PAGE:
Rancho Los Alamitos is a deeply significant historic site – home to a 19th century homestead that today offers a 7.5 acre oasis in the middle of a densely-populated urban area -- and the ancestral birthplace of Los Angeles’s Tongva people. For most of its existence it belonged to the prominent Bixby family before it was donated to the City of Long Beach in 1968, when it was apparently converted into a corny tourist trap. In 1986, the Rancho Los Alamitos Foundation took over and this grand re-opening is the culmination of a quarter century’s worth of their restoration efforts.

Under Long Beach’s watch, the barn area buildings on the site were rearranged in a semi-circle, effectively turning the once-proud site into a Harbor Area answer to South Dakota’s 1800 Town. A “Wisteria Walk” was added. Grass was put in and visitors got to make candles. It may’ve all been good fun to the grade-schoolers who visited at the time but it probably wasn’t the ranch’s most dignified era. When the Rancho Los Alamitos Foundation took over and pursued a different approach, there were predictably grumblings. This is SoCal, after all, and Southern Californians are very serious about kitsch.

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8th LA Harbor International Film Festival

Posted by Eric Brightwell, April 14, 2011 02:30pm | Post a Comment
Another day, another film festival! Today, the four day LA Harbor International Film Festival (LAHIFF) begins. From the 14th through the 17th, a selection of films will be screened at the Warner Grand Theatre (478 W. 6th Street in San Pedro).

LA Harbor International Film Festival 2011

Films in the festival are chosen based on their reflection of the character of The Harbor region. This year, picks include Treasure Island (USA, 1950), Il mare de Joe (Italy, 2009), The Joy Luck Club (USA, 1993), April Love (USA, 1957) and The Tillman Story (USA, 2010).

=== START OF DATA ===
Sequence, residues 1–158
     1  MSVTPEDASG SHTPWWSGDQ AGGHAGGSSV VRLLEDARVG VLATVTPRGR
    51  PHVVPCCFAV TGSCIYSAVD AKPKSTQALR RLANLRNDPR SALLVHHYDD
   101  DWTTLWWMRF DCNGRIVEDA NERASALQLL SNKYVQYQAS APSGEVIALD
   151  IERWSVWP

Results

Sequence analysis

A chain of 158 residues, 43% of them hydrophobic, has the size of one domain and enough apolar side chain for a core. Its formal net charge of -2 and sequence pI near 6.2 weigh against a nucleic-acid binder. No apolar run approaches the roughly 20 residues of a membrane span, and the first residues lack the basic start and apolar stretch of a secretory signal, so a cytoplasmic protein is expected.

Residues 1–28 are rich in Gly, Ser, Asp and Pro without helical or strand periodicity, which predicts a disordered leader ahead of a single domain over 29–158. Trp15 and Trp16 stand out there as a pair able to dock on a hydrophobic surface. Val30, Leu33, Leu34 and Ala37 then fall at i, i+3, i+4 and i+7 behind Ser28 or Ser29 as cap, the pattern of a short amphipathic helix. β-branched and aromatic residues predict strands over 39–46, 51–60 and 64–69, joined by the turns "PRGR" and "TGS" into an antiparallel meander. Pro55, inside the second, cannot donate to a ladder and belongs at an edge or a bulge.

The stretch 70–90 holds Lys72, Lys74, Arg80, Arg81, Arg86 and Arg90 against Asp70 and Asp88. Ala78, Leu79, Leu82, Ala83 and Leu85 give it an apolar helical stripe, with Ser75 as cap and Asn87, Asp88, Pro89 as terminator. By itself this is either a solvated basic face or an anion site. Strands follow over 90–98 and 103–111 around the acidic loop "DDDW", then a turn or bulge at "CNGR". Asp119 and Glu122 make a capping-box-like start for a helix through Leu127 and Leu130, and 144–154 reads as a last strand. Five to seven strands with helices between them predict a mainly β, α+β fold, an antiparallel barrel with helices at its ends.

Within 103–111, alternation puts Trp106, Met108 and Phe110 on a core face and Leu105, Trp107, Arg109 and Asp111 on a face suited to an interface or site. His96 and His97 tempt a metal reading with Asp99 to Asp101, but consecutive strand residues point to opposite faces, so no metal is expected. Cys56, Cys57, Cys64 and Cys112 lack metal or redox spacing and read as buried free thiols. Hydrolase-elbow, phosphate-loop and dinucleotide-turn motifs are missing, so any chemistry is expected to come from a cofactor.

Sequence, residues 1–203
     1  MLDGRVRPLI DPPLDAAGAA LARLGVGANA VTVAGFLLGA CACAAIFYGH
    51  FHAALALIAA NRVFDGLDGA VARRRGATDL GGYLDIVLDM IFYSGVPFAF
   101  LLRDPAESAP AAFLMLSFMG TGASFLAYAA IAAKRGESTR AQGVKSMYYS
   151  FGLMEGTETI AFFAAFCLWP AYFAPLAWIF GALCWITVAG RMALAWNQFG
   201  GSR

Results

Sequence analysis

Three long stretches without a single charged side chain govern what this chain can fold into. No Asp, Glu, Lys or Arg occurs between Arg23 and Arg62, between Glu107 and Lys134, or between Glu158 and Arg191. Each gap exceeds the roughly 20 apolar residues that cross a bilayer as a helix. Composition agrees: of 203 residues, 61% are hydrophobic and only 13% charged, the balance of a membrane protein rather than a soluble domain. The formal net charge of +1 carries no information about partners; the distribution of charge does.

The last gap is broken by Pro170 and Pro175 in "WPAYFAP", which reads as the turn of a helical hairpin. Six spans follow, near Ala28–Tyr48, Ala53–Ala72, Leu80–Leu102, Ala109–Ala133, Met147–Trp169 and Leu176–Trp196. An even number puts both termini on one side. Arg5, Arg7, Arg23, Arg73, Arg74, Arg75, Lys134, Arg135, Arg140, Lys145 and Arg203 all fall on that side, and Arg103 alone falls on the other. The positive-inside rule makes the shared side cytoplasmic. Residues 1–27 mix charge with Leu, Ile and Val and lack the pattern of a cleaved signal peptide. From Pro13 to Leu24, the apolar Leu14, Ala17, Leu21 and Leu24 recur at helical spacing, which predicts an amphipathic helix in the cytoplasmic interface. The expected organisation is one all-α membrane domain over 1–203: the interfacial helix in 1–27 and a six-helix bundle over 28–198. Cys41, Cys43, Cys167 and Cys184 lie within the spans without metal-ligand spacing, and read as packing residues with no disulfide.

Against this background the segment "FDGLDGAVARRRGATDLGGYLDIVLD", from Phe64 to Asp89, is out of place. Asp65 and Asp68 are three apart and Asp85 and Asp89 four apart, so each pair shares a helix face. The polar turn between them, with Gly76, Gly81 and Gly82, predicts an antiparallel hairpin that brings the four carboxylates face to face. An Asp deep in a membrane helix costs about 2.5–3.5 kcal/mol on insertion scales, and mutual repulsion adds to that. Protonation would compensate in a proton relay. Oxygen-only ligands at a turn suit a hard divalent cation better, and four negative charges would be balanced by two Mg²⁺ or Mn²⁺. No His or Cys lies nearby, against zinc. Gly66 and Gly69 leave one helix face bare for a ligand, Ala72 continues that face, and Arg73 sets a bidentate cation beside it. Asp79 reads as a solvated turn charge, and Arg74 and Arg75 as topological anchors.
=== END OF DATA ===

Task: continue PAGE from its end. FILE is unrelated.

To purchase tickets and for more information, click here to visit the official site. It's free to all those serving now or in the past in the US military. 
 

 

America's Port - A Harbor Primer

Posted by Eric Brightwell, March 23, 2011 03:30pm | Post a Comment
THE HARBOR

Map of the Harbor
Pendersleigh & Sons' Official Map of The Harbor

The Harbor
is the region of Los Angeles County centered around San Pedro Bay. It is the site of both the Port of Los Angeles and the Port of Long Beach, which together form the fifth-busiest port facility in the world (behind the ports of Shanghai ( 上海), Singapore, Hong Kong (香港), and Shenzhen (深圳) -- all in Asia). It was originally a shallow mudflat known to the indigenous Tongva as the Bay of Smokes. It was dredged in modern times to an average depth of ten to twenty meters. Natural islands in the Harbor included Terminal Island, Mormon Island and Dead Man's Island. The latter was removed, the second was connected to the mainland and the first is a highly augmented mudflat. There are four artificial islands built around oil rigs; Freeman, Grissom, White and Chaffee Islands. If one figure can be credited with the Harbor's transformation, it's Delaware-born Phineas Banning.